Cabinet rejects criticism, stands firm on cuts
22 September 2004 , AMSTERDAM — In the face of growing public resistance and alternative growth budgets put forward by several opposition parties, the Dutch Cabinet has stood firm on the "painful" economising measures and further social security it has planned.
22 September 2004
AMSTERDAM — In the face of growing public resistance and alternative growth budgets put forward by several opposition parties, the Dutch Cabinet has stood firm on the "painful" economising measures and further social security it has planned.
Finance Minister Gerrit Zalm admitted after presenting the 2005 Budget in Parliament on Tuesday that support for the government's plans is "not tremendous". But he pointed out that every cut to social security in the past has met with trade union protests.
Zalm also picked up on a poll conducted by public broadcaster Radio 1 that indicated 60 percent of the Dutch public opposes the government's plans, even though 50 percent describe them as "necessary".
Social Affairs Minister Aart-Jan de Geus and Economic Affairs Minister Laurens Jan Brinkhorst also emphasised the budget cuts were necessary.
Brinkhorst said the cabinet will implement further cuts to WW unemployment benefits, claiming that the government has only just begun with its reform agenda. His statement caught De Geus off guard, who said no further cuts to the WW system — besides those already announced —will be imposed during the government's present term of office.
The Council of State — the government's highest advisory body — has called for further measures, such as abolishing the minimum wage to help the job market to function better and a greater number of low educated workers to find a job. Zalm has promised to study the proposal.
But any further cuts will only serve to antagonise an already angry trade union movement. Labour federations FNV, CNV and MHP have launched a series of protests against the government's austerity measures, objecting to cuts to fiscally attractive early retirement plans, social security and healthcare.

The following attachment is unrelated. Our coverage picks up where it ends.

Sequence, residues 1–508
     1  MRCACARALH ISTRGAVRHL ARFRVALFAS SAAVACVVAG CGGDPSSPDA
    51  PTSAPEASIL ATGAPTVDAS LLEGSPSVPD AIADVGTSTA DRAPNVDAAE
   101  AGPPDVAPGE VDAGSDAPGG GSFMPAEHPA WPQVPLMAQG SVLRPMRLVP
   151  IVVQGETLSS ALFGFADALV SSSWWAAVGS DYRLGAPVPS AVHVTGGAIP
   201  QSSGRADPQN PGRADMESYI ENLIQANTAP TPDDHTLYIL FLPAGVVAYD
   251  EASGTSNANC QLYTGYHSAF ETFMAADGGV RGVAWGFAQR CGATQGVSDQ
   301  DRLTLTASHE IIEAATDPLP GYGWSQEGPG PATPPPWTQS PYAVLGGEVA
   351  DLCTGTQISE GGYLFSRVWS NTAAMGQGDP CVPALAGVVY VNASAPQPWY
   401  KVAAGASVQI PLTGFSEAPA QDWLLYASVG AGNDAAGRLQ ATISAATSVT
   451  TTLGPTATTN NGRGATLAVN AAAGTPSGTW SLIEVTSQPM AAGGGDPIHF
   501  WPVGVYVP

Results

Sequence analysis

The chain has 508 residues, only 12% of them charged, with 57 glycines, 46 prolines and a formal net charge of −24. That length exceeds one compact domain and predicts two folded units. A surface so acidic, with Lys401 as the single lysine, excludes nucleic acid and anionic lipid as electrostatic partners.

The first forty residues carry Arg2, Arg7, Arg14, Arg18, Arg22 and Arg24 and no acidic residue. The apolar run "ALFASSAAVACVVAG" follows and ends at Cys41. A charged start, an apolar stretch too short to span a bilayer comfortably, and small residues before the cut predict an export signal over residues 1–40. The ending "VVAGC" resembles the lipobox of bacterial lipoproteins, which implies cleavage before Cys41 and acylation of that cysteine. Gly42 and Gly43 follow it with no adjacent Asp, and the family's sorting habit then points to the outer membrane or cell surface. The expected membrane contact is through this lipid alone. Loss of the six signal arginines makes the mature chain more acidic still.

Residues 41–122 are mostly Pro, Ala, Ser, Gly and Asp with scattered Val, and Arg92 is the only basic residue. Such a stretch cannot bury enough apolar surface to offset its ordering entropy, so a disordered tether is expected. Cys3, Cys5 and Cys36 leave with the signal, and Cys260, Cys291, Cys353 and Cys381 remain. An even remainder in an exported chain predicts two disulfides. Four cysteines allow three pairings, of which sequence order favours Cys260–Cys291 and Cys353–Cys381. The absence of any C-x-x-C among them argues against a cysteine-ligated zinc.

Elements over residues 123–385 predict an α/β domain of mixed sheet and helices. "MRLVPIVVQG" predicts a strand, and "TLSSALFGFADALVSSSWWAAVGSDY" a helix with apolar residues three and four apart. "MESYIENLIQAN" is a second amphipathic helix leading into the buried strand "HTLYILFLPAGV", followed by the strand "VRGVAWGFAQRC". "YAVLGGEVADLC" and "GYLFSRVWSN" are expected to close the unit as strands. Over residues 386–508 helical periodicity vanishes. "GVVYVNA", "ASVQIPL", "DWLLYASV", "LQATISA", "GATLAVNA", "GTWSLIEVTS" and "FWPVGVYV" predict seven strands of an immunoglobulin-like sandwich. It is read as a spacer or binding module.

Up to 60,000 people protested in Rotterdam on Monday and protests involving several thousand people in The Hague, Utrecht, Arnhem and Eindhoven were staged on Tuesday as Zalm presented the budget.
Zalm also said that the Dutch polder model of consensus governing by agreement between unions, employers and the government only works when no "painful measures" are necessary, newspaper De Volkskrant reported.
The cabinet has planned to save EUR 2.5 billion next year in spending cuts and higher taxes to reduce the budget deficit to 2.6 percent of Gross Domestic Product (GDP). It claims the cuts are necessary to strengthen the economy in the long term.
The economy is forecast to grow by 1.25 percent this year and 1.5 percent in 2005. But despite the beginnings of an economic recovery, the number of jobless workers will rise to 550,000 next year.
The coalition government is made up of the Christian Democrat CDA, Liberal VVD and Democrat D66. Their parliamentary factions backed the budget's main points as they say they are convinced of the need to tackle "structural weaknesses" in the Dutch economy, particularly high wages costs and a poor workforce participation rate, news agency ANP reported.
The government party MPs are however resisting cuts to funding used to assist students who have fallen behind in the education system and other cuts to the education budget. The CDA is also demanding that people aged 55 or older retain their right to an early pension, in contrast to the cabinet's age limit of 57.
Wouter Bos, the leader of main opposition party Labour PvdA, accused the cabinet of not listening to anyone. Together with the Socialist Party and green-left GroenLinks, the PvdA hopes to minimise the cuts to the VUT and pre-pension early retirement schemes, but the chance of success is very small.
The government's macroeconomic think-tank, the Central Planning Bureau (CPB), said all of the alternative budgets unveiled by the opposition parties would lead to job growth. But the growth would be stimulated by higher government spending and it remains unclear whether this growth would be structural or cyclical, news agency Novum reported. The budget deficit would remain about the same as the government's intended target.
The opposition parties also urged the cabinet to better explain its measures to the public. They said the public needed to know that they would gain something in return from the cuts. Minister Zalm admitted the message had not been delivered well enough.
The General Affairs Ministry headed by Prime Minister Jan Peter Balkenende will in future co-ordinate the dissemination of information.
In an initial reaction to Zalm's budget, small business association MKB accused the cabinet of "smothering" the economic recovery. But employers association VNO-NCW said the government had no choice but to press ahead with the cutbacks. "There is no substantial alternative. It is change or impoverishment," it said.
[Copyright Expatica News and Novum Nieuws 2004]
Subject: Dutch news